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A Penny Saved - cutting the cost of living

When those dreaded windowed envelopes appear in the mailbox, it's usually accountability time. That's fine if the budget is working. If not, there's a tendency to feel exploited, certainly hard done-by. The truth is that the cost of living is continually on the rise and income doesn't always keep pace. There are, however, ways for everyone to economise which won't impact overmuch on accustomed standards and home comforts. All it takes is a bit of thought.

The two most recent Healthy Living articles - Health05 and Health06 - deal with savings that can be made with regard to food purchases, storage and preparation, but the cook isn't the only one who can help make ends meet. During a normal day, consider how often the fridge door is opened and closed, especially after work and school. Each time this happens, warm air enters the cabinet which the appliance has to work harder to compensate for. Leave the door open while trying to decide what to take out, or to ferry stuff in stages to a work surface, and the problem is compounded. Slamming the door shut makes matters worse. This may seem a trivial issue and the extra expense hardly worth worrying about, but a few cents saved each day can amount to $50-100 in a year. That will make a difference to anyone's pocket.

Fresh water is something we tend to take for granted until, for whatever reason, there is a sudden shortage. If you live in a country where charges are incurred for supply and use, wastage becomes a personal money matter. Savings made in this regard not only help conserve one of our most precious resources, but also impact on the household budget. In the kitchen, for example, hot water for washing up is rarely instant. It takes time to come through from the heater. We keep a container to catch the cold runoff - usually about two litres - then either use it to adjust the temperature of the washing-up water, or pour it into the coffee machine. Also, think about hot water, especially for drinks. Whether heated by electricity or gas, a fair portion not used is left in the receptacle to go cold. Transferred to a vacuum flask or airpot, it will stay hot enough for an instant coffee or two later on. Whatever remains after that can be poured back into the kettle for re-heating, and it will take less time to boil than cold water.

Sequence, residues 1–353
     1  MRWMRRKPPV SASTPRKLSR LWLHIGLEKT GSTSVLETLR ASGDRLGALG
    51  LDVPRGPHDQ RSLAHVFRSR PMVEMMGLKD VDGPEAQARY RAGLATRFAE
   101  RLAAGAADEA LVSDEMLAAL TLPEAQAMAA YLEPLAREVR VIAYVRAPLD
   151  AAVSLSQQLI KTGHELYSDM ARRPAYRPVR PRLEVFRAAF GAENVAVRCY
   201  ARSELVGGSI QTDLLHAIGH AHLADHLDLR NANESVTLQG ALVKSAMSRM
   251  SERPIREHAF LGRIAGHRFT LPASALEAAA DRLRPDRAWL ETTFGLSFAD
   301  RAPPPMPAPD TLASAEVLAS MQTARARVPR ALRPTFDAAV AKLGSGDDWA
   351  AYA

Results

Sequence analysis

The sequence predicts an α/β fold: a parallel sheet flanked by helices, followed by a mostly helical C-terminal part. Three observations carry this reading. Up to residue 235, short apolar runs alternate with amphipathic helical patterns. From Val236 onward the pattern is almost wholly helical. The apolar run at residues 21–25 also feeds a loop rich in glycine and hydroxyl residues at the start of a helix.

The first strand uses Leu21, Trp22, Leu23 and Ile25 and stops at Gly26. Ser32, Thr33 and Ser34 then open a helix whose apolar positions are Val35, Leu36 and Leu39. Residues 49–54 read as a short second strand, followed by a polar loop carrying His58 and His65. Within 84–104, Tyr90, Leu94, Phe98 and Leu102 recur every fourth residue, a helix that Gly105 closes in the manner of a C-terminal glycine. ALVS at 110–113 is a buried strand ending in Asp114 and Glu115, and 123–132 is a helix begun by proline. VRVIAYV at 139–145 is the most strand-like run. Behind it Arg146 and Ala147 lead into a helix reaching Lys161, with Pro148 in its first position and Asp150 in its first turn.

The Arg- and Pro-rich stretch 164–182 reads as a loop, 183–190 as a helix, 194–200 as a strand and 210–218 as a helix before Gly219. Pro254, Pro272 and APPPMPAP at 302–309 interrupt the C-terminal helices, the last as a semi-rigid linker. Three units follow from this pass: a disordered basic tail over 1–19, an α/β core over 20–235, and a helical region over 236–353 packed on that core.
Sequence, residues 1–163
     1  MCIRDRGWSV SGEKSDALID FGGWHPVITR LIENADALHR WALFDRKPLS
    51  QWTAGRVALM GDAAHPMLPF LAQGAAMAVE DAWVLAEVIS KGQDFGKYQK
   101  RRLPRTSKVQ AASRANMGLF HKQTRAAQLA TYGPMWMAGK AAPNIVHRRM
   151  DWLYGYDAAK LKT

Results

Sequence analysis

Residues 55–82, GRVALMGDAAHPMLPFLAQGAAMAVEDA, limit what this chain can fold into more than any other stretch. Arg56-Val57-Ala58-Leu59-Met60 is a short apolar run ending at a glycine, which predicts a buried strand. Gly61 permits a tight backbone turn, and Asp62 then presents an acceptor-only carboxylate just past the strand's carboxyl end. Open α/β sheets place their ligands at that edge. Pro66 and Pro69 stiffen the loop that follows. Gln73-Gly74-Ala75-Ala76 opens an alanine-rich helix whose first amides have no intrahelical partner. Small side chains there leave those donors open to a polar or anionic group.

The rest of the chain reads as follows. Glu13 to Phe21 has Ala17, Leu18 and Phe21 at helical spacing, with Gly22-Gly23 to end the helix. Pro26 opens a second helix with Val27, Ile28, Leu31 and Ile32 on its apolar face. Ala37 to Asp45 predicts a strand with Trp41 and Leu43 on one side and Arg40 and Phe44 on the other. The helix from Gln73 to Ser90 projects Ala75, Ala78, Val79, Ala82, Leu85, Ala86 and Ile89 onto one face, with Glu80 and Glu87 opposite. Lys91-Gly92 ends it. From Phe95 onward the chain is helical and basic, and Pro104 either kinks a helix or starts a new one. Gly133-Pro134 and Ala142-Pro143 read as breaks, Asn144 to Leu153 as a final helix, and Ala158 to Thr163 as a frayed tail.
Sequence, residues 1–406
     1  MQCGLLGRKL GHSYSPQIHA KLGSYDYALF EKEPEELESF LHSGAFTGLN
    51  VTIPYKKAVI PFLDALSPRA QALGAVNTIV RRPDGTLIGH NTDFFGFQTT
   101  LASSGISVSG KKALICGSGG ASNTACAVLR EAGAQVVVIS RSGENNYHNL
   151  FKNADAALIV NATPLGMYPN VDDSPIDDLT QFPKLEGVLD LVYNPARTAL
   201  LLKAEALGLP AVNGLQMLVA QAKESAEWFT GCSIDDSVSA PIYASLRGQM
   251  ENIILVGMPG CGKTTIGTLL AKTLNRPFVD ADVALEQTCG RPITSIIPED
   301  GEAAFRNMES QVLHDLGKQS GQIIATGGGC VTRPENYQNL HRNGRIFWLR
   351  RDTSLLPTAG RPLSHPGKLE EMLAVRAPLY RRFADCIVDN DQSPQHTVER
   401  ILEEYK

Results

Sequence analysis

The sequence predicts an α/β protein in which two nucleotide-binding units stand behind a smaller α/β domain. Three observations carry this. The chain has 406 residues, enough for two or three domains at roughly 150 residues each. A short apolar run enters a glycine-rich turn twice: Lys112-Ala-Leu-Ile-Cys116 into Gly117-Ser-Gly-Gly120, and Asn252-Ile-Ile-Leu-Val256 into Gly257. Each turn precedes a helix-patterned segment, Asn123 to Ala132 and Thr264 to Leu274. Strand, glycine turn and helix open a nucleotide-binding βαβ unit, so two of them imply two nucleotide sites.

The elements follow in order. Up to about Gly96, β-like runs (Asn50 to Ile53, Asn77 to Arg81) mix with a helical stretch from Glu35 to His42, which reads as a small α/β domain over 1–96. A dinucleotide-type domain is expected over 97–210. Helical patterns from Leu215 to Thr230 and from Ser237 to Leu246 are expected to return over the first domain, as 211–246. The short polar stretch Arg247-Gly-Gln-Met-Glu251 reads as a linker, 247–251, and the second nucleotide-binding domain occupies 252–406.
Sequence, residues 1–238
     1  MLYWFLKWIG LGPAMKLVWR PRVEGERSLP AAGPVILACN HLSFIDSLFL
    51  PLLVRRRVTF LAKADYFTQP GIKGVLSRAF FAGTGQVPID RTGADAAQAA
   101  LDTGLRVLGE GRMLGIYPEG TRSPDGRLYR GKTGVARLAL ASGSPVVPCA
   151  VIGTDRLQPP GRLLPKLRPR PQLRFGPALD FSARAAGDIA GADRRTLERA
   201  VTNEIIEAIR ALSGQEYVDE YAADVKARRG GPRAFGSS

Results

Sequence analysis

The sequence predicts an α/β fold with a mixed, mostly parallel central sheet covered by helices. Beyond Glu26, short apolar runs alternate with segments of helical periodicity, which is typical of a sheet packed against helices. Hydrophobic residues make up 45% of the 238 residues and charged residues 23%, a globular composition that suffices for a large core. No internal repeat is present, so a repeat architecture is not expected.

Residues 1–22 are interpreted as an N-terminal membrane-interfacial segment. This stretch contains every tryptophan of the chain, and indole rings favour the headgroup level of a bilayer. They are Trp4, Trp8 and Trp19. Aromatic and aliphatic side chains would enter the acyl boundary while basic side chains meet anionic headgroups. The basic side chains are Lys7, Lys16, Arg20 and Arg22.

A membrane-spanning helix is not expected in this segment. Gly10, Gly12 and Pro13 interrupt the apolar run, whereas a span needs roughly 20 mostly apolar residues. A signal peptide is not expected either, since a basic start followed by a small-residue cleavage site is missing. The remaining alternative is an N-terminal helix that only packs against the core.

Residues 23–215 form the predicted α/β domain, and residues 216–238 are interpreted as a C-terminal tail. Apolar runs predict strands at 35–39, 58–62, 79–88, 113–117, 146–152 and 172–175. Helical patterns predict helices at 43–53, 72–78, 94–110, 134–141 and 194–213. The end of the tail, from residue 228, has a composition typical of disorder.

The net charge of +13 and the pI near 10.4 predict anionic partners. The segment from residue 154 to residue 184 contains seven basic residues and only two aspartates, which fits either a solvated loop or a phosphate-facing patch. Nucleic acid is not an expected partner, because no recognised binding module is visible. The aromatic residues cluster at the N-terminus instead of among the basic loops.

Still on the subject of water, most of what we use ends up going down the drain, especially in the bathroom. If there is a choice, having a shower rather than a bath uses far less water, not to mention the power needed to heat it. Even the shower itself can be more economical with a few simple changes. Have a water-saver rose fitted and limit the time taken in there to a reasonable minimum. You'll need to keep an eye on the kids, here. They have been known to spend ages under the spray just to wake themselves up in the morning without even touching the soap. And if you do manage to get them to clean their teeth on a daily basis, mind they don't leave the tap running for the duration. The same applies to wet shaving - a few centimetres of water in the sink is sufficient to rinse the razor.

Savings can be made outside too. Sprinkler systems can be adjusted to ensure they dispense only the right amount of water and don't leave the garden looking like the Everglades. Manual systems can easily be turned on and forgotten. Fit a clockwork timer to the tap and set the duration to suit the seasons. Computerised automatic reticulation should be checked and adjusted from time to time. During wet weather when watering is unnecessary, many have a rain-delay override which puts all programs on hold for 24 hours. If hand-watering with a hose, use a spray head with a trigger mechanism which shuts off when released. This is ideal for washing the car, and if you do it on the lawn, the grass gets the benefit. Better still, forget the hose and use buckets - two or three are adequate for most private vehicles.

As an energy source, electricity is a boon which is becoming increasingly expensive and there are ways other than those already mentioned where its usage can be reduced. Air conditioners are essential to comfort in hot climates and many have a reverse-cycle facility which provides heating in Winter. But there are still times, often weeks and months, when these units sit idle. Even in stand-by mode, they can pull between 15-35 watts of power, and that's 24/7. When not required, switch off the unit's breaker in the power box. Just a few hours will save money. When they are in use, adjust the temperature to a lower setting in Winter and a higher one in Summer - just a couple of degrees will make a difference to your power bill and won't affect comfort levels too much. Sometimes it isn't necessary to condition an entire room when a simple fan or a fan-heater can prove adequate for the requirements of individuals.

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